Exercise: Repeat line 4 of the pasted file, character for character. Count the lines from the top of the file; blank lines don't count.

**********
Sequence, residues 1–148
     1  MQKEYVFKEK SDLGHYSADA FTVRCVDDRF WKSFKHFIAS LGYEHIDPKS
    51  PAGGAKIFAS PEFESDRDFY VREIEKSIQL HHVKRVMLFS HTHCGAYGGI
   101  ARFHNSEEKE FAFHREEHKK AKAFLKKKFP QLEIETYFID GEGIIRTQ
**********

   101  ARFHNSEEKE FAFHREEHKK AKAFLKKKFP QLEIETYFID GEGIIRTQ